(HealthDay News) — Single-incision mini-slings are noninferior to mid-urethral slings for women with stress urinary incontinence, according to a study published in the New England Journal of Medicine.

Mohamed Abdel-Fattah, MD, from the University of Aberdeen in the United Kingdom, and colleagues compared mini-slings to mid-urethral slings among women at 21 UK hospitals during 36 months of follow-up in a pragmatic, noninferiority, randomized trial. A total of 298 women were randomly assigned to receive mini-slings and 298 were randomly assigned to mid-urethral slings.

The researchers found that success was reported by 79.1 and 75.6% of patients in the mini-sling and mid-urethral sling groups, respectively, at 15 months (adjusted risk difference, 4.6 percentage points; 9% confidence interval [CI], −2.7 to 11.8; P <.001 for noninferiority). Success was reported by 72 and 66.8% of patients, respectively, at the 36-month follow-up (adjusted risk difference, 5.7 percentage points; 95% CI, −1.3 to 12.8). The percentage of patients with groin or thigh pain at 36 months was 14.1 and 14.9% for those with mini-slings and mid-urethral slings, respectively; the percentage with tape or mesh exposure was 3.3 and 1.9%, respectively, during the 36-month follow-up. The groups had similar outcomes with respect to quality of life and sexual function, apart from dyspareunia, which was reported by 11.7 and 4.8% in the mini-sling and mid-urethral sling groups, respectively.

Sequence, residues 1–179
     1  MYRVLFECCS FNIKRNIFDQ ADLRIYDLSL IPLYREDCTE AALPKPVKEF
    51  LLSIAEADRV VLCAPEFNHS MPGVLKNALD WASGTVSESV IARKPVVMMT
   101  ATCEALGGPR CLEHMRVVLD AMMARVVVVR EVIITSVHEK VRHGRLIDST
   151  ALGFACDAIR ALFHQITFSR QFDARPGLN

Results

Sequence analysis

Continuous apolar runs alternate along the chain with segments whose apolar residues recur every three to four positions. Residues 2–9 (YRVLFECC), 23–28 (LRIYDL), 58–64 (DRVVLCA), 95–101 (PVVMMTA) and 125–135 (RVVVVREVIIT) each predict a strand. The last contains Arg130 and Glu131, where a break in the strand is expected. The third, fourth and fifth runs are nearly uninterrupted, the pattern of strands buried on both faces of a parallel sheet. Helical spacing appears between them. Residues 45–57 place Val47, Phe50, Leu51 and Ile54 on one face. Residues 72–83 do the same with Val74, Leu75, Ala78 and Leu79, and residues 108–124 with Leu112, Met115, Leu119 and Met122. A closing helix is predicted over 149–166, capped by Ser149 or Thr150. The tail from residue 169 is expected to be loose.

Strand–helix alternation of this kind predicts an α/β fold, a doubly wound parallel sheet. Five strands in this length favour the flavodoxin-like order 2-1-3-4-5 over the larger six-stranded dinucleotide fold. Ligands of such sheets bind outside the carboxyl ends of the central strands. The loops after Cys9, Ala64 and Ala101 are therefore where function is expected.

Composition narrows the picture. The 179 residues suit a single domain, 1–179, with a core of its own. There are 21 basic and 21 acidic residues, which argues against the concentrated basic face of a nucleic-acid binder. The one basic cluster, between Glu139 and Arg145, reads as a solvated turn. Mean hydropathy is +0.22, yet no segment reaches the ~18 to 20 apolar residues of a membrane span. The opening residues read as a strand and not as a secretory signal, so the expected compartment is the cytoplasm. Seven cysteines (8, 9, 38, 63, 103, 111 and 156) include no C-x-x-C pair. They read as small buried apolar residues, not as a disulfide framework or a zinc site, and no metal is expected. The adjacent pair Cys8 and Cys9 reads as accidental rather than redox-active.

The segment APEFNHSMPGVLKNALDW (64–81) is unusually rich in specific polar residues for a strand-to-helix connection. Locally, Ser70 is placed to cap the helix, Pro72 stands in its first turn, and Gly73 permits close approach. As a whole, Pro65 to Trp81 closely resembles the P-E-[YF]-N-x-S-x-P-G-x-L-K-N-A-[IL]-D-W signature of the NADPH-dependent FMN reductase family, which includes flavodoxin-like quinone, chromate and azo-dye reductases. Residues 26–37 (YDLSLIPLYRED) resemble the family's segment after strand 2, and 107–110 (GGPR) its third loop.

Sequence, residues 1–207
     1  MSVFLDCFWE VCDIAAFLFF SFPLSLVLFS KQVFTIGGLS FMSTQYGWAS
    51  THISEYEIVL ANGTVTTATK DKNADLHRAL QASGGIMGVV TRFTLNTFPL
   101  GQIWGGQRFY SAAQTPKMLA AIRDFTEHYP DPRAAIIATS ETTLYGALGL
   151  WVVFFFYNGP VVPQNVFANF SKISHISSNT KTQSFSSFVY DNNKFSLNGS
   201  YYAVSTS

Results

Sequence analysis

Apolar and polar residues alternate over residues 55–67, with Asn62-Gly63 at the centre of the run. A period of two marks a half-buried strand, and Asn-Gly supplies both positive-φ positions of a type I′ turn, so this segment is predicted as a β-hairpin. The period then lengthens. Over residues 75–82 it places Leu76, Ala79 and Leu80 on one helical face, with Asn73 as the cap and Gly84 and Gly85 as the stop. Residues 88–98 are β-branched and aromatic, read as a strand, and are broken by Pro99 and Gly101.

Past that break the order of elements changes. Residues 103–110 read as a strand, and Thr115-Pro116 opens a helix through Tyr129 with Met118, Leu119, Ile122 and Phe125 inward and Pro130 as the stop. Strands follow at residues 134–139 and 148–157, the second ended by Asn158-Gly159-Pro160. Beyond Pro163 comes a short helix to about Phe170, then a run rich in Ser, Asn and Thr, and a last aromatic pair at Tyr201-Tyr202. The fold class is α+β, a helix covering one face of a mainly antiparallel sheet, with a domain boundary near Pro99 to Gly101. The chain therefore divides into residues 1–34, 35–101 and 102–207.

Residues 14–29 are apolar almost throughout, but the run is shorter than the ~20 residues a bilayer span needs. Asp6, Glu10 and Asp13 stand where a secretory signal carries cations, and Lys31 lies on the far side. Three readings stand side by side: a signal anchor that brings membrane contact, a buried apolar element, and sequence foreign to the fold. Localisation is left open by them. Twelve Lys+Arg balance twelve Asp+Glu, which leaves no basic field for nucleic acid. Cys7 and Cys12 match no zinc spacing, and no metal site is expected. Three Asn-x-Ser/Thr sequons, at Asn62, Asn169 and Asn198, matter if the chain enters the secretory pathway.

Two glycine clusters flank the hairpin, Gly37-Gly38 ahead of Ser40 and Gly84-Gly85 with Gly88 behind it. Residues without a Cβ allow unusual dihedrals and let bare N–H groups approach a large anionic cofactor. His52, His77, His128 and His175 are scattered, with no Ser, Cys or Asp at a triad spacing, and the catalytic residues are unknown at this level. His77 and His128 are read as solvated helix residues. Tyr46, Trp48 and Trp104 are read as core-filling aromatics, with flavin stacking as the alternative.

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“Adjustable anchored mini-slings were noninferior to tension-free mid-urethral slings with respect to patient-reported success at 15 months, and the between-group difference remained similar at 36 months,” the authors write.

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